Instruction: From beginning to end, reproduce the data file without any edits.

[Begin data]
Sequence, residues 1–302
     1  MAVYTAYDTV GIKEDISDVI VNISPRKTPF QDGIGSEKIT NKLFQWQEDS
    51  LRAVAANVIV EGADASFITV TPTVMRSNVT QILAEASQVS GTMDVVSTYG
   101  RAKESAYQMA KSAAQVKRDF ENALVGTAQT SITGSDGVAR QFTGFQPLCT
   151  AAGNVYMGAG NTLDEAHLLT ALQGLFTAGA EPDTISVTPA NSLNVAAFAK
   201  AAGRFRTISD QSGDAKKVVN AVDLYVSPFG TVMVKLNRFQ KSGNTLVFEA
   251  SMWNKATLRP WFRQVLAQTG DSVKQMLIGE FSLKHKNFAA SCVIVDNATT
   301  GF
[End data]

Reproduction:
Sequence, residues 1–302
     1  MAVYTAYDTV GIKEDISDVI VNISPRKTPF QDGIGSEKIT NKLFQWQEDS
    51  LRAVAANVIV EGADASFITV TPTVMRSNVT QILAEASQVS GTMDVVSTYG
   101  RAKESAYQMA KSAAQVKRDF ENALVGTAQT SITGSDGVAR QFTGFQPLCT
   151  AAGNVYMGAG NTLDEAHLLT ALQGLFTAGA EPDTISVTPA NSLNVAAFAK
   201  AAGRFRTISD QSGDAKKVVN AVDLYVSPFG TVMVKLNRFQ KSGNTLVFEA
   251  SMWNKATLRP WFRQVLAQTG DSVKQMLIGE FSLKHKNFAA SCVIVDNATT
   301  GF